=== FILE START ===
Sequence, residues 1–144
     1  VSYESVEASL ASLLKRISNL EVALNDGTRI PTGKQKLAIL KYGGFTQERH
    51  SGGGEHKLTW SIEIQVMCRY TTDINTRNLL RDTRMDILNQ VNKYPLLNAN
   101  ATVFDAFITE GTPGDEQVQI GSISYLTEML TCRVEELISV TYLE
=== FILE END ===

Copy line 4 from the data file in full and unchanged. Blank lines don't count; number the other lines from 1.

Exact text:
   101  ATVFDAFITE GTPGDEQVQI GSISYLTEML TCRVEELISV TYLE